There’s a rudimentary meme that outlines craft beer drinkers’ development. It’s a play on the “Evolution of Man” graphic, called “Evolution of a Beer Snob.” Instead of transforming from one species to another, the beer snob evolves from drinking lager, to IPA, “big stouts,” sours, and then, finally, back to lager.
Though reductive, there’s some truth to this meme. It reflects many craft beer drinkers’ experiences. And yet, it’s hardly the whole story. Whether your beer journey begins with macro lagers, or if you jump in at barrel-aged stouts, there are some biological reasons as to how your palate develops.
“If you give a two-year-old child a sweet flavor, it will trigger a positive response because we are genetically programmed to appreciate sweet flavors,” says beer sommelier and judge Dean McGuinness. “We genetically understand that sweet indicates ‘source of calories.’ If you give the same two-year-old a bitter flavor, you will get an immediate negative response.”
Perceived bitterness triggers “a signal in our brain, ‘Caution, could be poison,’ ” says McGuinness. “The same thing happens with sourness, ‘Could be spoiled food.’ ”
Your first sour beer might be an affront to your senses. A couple of Berliner Weisses later, you start to come around.
These impulses affect how contemporary drinkers perceive different types of beer. “We can think of the initial stage of beer appreciation as the ‘immaturity’ stage,” he says. “Response to the flavor is dictated primarily by these genetic responses.”
During this phase, people may look for relatively bland beers, or ones with what they feel possess “safe” flavors. It can be a hurdle for some to enjoy more challenging beers. It requires a person to unpack their perspective.
“Just because we have a genetic response to specific flavors, this does not completely control our reaction to these flavors,” says McGuinness. “People can move from the ‘immaturity’ phase to the ‘flavor appreciation development’ phase.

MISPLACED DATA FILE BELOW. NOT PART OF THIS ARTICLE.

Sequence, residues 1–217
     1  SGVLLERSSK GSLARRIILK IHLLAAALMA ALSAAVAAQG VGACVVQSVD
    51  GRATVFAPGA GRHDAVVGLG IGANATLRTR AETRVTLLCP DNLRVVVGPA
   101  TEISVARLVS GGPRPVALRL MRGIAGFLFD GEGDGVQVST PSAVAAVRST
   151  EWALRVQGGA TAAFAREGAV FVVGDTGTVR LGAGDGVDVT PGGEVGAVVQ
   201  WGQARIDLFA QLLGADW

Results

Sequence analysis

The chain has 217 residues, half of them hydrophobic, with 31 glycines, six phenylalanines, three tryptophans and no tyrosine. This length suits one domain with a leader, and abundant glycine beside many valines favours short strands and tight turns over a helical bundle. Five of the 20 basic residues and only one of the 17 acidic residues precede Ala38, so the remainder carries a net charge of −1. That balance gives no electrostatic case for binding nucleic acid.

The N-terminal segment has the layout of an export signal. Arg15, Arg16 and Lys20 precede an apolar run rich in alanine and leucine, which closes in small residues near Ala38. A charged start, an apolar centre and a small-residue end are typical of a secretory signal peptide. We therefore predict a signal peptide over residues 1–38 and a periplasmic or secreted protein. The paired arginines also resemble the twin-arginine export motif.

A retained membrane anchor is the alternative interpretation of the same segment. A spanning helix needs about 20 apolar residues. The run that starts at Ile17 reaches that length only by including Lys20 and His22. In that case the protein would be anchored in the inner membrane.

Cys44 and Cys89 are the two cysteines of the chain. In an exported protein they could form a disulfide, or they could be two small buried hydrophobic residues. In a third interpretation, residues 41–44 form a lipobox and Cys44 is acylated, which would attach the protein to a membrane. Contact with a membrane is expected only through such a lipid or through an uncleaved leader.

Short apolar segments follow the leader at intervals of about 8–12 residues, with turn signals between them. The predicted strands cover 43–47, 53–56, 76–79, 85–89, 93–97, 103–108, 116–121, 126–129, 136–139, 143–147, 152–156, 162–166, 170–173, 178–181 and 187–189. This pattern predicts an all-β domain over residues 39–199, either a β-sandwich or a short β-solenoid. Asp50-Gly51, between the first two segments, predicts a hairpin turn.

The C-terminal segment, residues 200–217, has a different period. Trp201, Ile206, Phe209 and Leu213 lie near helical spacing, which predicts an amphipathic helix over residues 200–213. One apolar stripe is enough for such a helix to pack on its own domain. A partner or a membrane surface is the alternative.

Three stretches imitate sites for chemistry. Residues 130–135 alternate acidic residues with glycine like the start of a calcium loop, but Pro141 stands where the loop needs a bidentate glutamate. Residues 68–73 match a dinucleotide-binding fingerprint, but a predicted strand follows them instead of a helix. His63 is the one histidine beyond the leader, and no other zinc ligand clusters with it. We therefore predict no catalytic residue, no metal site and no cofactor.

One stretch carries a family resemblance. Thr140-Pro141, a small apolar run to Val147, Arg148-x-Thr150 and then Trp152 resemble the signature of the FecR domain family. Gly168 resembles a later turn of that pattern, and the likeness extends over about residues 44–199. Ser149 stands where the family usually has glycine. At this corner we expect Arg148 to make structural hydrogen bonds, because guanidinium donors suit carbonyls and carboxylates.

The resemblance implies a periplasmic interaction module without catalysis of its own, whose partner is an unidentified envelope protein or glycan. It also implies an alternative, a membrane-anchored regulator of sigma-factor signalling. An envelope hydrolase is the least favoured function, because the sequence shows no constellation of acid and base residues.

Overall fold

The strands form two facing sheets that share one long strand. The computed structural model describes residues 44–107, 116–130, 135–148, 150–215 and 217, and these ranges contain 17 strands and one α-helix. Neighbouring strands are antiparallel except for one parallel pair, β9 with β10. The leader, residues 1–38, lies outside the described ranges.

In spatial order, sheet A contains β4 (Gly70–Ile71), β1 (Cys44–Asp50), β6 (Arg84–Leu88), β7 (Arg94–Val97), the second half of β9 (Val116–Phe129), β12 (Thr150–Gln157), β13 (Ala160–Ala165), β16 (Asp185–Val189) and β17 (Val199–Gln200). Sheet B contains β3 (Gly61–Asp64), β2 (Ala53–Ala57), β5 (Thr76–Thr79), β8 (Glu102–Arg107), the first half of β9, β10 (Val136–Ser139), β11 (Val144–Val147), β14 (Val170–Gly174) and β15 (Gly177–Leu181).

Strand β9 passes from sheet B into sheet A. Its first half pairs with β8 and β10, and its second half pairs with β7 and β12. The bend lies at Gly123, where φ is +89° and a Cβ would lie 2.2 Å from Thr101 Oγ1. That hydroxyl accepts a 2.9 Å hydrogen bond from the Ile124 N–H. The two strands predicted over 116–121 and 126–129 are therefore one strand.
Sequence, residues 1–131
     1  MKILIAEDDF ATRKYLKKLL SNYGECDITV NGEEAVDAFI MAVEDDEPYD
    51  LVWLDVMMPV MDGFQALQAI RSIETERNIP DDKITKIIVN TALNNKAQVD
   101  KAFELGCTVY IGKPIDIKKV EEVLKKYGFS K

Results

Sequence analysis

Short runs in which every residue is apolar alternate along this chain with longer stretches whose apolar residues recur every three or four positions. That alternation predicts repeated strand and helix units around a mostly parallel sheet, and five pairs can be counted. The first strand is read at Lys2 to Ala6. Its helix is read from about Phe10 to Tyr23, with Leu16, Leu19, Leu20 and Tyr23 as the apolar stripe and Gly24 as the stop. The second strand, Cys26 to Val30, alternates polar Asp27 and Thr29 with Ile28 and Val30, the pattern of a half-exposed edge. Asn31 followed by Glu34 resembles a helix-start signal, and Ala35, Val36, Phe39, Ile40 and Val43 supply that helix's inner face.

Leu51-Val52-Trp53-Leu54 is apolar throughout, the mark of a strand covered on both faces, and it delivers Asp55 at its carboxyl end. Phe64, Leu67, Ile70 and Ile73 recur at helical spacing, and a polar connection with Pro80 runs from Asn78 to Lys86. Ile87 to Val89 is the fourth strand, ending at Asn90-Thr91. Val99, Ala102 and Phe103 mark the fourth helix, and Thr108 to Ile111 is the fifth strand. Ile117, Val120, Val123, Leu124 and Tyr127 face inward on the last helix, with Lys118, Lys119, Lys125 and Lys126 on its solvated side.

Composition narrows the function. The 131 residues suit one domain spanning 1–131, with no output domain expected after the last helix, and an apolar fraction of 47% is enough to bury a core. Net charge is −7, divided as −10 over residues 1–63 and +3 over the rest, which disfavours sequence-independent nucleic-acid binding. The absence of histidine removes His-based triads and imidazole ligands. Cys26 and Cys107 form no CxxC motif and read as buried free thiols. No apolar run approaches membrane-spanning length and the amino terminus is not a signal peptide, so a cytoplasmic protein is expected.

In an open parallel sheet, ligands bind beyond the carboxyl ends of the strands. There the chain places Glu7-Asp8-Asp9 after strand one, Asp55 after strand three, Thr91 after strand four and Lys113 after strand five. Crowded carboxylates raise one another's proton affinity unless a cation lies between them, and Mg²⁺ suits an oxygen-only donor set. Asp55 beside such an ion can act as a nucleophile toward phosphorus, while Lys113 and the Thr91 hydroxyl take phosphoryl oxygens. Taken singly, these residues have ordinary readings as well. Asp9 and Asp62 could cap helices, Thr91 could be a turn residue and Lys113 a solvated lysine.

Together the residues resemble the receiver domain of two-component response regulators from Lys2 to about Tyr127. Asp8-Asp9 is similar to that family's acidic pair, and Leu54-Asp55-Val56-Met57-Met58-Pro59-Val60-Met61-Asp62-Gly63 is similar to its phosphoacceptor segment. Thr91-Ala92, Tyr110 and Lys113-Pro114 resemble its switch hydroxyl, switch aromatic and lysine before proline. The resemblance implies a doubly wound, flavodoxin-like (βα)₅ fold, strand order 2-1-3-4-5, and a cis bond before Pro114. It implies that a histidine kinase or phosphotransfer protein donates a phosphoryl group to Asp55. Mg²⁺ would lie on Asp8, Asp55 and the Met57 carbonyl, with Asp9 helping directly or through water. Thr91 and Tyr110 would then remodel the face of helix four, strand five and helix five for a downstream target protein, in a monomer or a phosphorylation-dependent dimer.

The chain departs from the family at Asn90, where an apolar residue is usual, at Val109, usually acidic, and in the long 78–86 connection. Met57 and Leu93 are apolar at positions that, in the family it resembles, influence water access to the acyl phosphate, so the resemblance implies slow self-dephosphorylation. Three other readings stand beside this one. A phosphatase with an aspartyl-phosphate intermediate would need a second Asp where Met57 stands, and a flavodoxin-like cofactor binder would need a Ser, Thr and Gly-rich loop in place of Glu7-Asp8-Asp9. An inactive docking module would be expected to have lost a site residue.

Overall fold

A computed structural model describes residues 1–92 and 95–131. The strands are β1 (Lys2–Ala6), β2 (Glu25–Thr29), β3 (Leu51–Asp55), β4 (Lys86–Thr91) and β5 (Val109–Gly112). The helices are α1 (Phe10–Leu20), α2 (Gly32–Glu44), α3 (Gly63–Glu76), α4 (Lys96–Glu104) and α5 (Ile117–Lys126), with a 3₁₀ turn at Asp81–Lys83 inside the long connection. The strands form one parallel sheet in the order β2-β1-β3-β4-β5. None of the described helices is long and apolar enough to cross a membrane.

“For this to happen, our brains need to learn an alternative interpretation to these flavors and to understand that these flavors do not, of necessity, have to be interpreted negatively. This can happen in many ways, not necessarily just through beer flavor experiences.”
This helps to explain how we come to enjoy beer in the first place. Many of us remember our first sip of beer as disgustingly bitter, and how we grow accustomed to other styles as we fall further down the craft beer rabbit hole.
Your first sour beer, for example, might be an affront to your senses. A couple of Berliner Weisses later, you start to come around.
But presupposing beer drinkers progress along such linear paths presents problems. It presumes that everyone starts at a common point: lager. This is at least partially rooted in gender, race and class.
“The idea that people have this predictable cycle is likely limited to a certain cultural group,” says Dr. Jessica Gaby, an assistant professor at Middle Tennessee State University. “That is, the typical American diet is relatively bland, high in sugar and salt, low in spice. So people from cultures where bitter and sour flavors are more normalized are likely to start at a different point in the ‘cycle.’ ”